Today @NCCapitol (April 2): Lawmakers back to work on education, airport and drunk driving bills
Posted April 2, 2013
Raleigh, N.C. — Good morning and welcome to Today @NCCapitol for Tuesday, April 2. This is WRAL's roundup of what you need to know about North Carolina state government this morning.
FIRST UP: The Council of State will meet at 9 a.m. The agenda is relatively light, with the group of 10 statewide elected officials mainly reviewing land sales and leases. Gov. Pat McCrory will chair.
SENATE CALENDAR: The Senate meets at 2 p.m. with three bills on its calendar. One of the measures would require more state oversight of newly formed mental health managed care agencies.
HOUSE CALENDAR: The House meets at 2 p.m. and will deal with a number of matters, including when counties may remove abandoned boats from public waters and when local governments may hold special elections. WRAL.com will carry the House session live. Check the Video Central box on our home page.
WRAP: Capitol Bureau Chief Laura Leslie and reporter Mark Binker talk about a bill that would slow down divorce proceeding in North Carolina and preview Tuesday's action in The Wrap @NCCapitol.
DIX: When Dix Hill was chosen as the location of "The North Carolina Hospital for the Insane," it was seen as a peaceful spot where patients could recover their faculties. The battle over what to do with the property now that there is no longer a hospital there belies that sense of peace. WRAL.com outlines the history of the Dix campus, from its original land acquisition to today's legislative battles.
MARRIAGE: State lawmakers are considering making divorces harder to get in North Carolina. Senate Bill 518, dubbed the Healthy Marriage Act, would double the one-year waiting period before a divorce could be granted and would require husband and wife to receive conflict resolution counseling, as well as counseling if they have children. Supporters said they believe the restrictions will help cut the state's divorce rate.
COMMITTEES: For a complete listing of today's committees, see the main @NCCapitol page. Among the highlights:
House Education (10 a.m. | 643 LOB): Lawmakers take up a bill that would change how public schools are graded. The state adopted an A-through-F grading system as part of the state budget last year year. HB 435 would expand the criteria on which those grades are issued. WRAL.com will carry this meeting live. Check the Video Central box on our home page.
Senate Judiciary II (10 a.m. | 1124 LB): More people convicted of drunk driving offenses would have to install ignition interlocks on their cars under a bill the committee will review. Interlock devices require that drivers blow into a breathalyzer before their car will start. NTSB has recommended using them for all those convicted of drunk driving offenses. The state has had some problem with its ignition interlock vendors.
House Health and Human Services (10 a.m. | 544 LOB): The committee takes up a measure that would require those applying for food stamps and other public assistance submit to criminal background checks.
House Transportation (Noon | 643 LOB): The Senate has already passed a bill that would take control of the Charlotte Douglas International Airport away from the City of Charlotte and put it in the hands of a regional authority. The House Transportation Committee is due to discuss, but not vote on, its own version of the bill. WRAL.com will carry this meeting live. Check the Video Central box on our home page.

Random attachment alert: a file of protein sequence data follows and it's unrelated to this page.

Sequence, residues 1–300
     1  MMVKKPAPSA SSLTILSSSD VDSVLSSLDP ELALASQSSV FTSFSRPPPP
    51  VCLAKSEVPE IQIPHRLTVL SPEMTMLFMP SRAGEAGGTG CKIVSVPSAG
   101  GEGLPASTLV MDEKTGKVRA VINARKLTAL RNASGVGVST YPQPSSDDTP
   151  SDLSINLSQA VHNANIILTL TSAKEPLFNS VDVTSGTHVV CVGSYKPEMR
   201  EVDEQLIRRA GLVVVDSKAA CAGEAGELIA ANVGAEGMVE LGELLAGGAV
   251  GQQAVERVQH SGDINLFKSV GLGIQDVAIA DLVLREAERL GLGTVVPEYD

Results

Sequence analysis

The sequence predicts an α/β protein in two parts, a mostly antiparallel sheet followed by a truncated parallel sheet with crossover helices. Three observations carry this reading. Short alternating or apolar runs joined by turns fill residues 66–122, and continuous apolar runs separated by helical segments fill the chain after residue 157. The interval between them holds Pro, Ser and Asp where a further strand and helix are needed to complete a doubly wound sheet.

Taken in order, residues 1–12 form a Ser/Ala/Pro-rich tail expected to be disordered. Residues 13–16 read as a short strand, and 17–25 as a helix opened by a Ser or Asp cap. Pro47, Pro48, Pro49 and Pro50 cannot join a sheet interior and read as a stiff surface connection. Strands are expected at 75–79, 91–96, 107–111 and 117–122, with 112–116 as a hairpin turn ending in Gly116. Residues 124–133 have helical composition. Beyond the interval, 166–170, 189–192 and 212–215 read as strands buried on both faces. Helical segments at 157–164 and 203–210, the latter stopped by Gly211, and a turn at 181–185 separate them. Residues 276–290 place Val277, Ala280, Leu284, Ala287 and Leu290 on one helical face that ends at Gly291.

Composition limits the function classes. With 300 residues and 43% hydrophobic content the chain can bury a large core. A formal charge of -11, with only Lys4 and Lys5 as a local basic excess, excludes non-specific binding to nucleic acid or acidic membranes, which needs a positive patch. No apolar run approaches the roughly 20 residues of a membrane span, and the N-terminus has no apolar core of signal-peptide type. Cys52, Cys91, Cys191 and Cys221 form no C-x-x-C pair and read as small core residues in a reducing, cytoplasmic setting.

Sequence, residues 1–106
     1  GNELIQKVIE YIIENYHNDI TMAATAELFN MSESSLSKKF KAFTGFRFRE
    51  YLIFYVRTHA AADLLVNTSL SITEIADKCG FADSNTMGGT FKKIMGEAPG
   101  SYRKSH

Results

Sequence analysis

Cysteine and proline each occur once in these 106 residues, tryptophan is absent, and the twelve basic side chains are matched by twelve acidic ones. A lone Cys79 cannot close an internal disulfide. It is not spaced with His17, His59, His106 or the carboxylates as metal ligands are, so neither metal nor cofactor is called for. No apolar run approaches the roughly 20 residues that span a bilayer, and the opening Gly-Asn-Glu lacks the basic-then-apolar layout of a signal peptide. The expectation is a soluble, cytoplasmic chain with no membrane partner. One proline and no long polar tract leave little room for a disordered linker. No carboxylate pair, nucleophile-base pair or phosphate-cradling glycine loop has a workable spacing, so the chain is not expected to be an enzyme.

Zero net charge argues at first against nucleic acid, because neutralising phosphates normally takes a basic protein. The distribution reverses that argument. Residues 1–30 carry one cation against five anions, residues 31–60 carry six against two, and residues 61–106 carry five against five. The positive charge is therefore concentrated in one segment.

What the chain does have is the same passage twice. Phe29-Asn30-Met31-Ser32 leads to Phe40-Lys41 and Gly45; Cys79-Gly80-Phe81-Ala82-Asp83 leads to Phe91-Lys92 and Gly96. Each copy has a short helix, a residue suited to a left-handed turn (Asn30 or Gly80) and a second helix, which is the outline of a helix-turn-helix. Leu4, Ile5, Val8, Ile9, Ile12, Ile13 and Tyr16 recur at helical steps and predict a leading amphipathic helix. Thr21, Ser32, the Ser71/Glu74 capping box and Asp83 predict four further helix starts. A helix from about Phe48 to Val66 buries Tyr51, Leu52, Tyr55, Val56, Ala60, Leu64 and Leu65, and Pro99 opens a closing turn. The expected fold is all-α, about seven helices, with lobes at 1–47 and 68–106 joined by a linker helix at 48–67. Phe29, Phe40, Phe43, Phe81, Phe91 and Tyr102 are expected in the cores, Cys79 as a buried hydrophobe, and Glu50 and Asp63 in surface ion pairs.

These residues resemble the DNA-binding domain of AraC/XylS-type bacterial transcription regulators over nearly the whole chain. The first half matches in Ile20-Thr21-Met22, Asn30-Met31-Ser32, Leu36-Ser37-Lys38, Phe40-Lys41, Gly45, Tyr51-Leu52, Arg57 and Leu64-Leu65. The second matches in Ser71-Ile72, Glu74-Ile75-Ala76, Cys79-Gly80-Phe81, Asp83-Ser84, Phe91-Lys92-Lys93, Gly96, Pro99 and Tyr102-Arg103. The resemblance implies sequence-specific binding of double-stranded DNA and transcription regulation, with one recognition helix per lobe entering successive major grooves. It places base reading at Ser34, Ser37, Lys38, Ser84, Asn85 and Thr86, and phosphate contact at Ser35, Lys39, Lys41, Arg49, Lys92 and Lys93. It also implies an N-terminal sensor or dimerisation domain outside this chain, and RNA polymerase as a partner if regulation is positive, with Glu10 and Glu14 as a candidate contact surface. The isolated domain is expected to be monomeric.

Senate Finance (1 p.m. | 544 LOB): Many boat owners would pay higher annual registration fees under a bill meant to raise money for dredging coastal channels.
NOTED: Wake County District Attorney Colon Willoughby became the latest prosecutor in the state to instruct law enforcement on how to crack down on sweepstakes games, which state law views as illegal gambling operations. In a letter to the Wake County Sheriff's Department and others, Willoughby clears away the gray area under which they've operated, writing "we have reason to believe that these activities are illegal and in violation of North Carolina law." Despite at least two sweepstakes companies having lobbyists at the General Assembly, no bill dealing with the games has been filed yet. Click here for more from last week.
ELSEWHERE: News worth notice from Monday included:
- The Wake County Board of Commissioners on Monday adjusted the county's business grant policy to provide money to MetLife Group Inc., which plans to open a technology hub in Cary.
- The Obama administration is delaying parts of a program intended to provide affordable health insurance to small businesses and their employees – a major selling point for the health care legislation.
- "New Hanover County is almost out of options to remove Commissioner Brian Berger from office – primarily because Wednesday is the deadline for state legislators to file local bills," reports the Star News of Wilmington. "But beyond Berger’s resignation, there are currently only four ways to remove an elected official in North Carolina: if the member is convicted of a felony, corruption, financial or election law violations; the board files an amotion; or the attorney general brings action on behalf of the state in Superior Court. The state legislature could also pass an act removing him."